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Is this new starter DSLR right for you?
Meet Nikon's lowest-priced digital SLR. Is this step-up camera ideal for first-time DSLR users? How does it compare to the step-up-and-then-some D5000? We take it into the field and interperet DxOMark image quality lab tests.
• 10.2MP CMOS sensor
• Simple “Guide” feature walks snapshooters through key settings
• Manual metered exposure available for more advanced photographers
• Pop-up flash
• Hot shoe for external flash, Nikon Creative Lighting System advanced wireless lighting
• Compatible with Nikon G AF lenses, other Nikon F-mount lenses with limited features
• 3-inch LCD monitor with 230k dots
• RAW & JPEG images
• Six “scene” modes
• ISO range 100-1600
What it lacks:
• Live View
• Flash PC terminal
Who it's for:
• Snapshooters stepping up from compact camera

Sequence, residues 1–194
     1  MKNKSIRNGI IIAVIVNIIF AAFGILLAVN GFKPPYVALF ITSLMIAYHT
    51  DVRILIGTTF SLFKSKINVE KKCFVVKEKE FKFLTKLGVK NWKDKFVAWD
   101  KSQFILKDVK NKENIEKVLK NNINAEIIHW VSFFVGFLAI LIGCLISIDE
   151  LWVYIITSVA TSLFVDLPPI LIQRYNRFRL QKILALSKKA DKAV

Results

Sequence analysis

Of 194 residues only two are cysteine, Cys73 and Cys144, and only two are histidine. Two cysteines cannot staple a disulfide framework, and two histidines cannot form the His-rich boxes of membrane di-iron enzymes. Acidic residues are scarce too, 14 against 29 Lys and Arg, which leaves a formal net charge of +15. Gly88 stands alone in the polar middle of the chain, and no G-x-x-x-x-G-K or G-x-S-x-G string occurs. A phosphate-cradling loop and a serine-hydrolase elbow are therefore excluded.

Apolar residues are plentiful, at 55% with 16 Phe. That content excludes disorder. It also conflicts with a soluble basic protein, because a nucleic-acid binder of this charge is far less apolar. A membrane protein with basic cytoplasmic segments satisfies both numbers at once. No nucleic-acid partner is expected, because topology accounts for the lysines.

• Advanced shooters who want an additional, light, inexpensive body
• Vacation, family, travel photographers
Price (as of 1/18/10): $499.95 with 18-55mm f/3.5-5.6G ED AF-S DX VR lens (sold only as a kit)
If you are a point-and-shoot camera owner thinking about stepping up to a digital SLR to take advantage of the better image quality produced by the larger APS sensor and the flexibility of using interchangeable lenses, the D3000 is the first Camera Nikon wants you to look at. And for good reason.
The D3000 is designed with the beginner in mind—although there's plenty of room to grow as you become comfortable using manual controls for greater creativity. The D3000 lacks certain features that you can find on its more advanced sibling, the D5000. For instance, it doesn't have Live View, which would let you see the image in the LCD viewfinder, any kind of video recording capability, or a flip-out LCD. And it has a 10MP sensor, instead of the D5000's 12MP sensor.
But lacking these features is not necessarily a bad thing. In fact, if your goal is simply to take great still pictures either in auto-everything or by taking full manual control of the camera, the D3000 may be just enough camera. Let's take a closer look.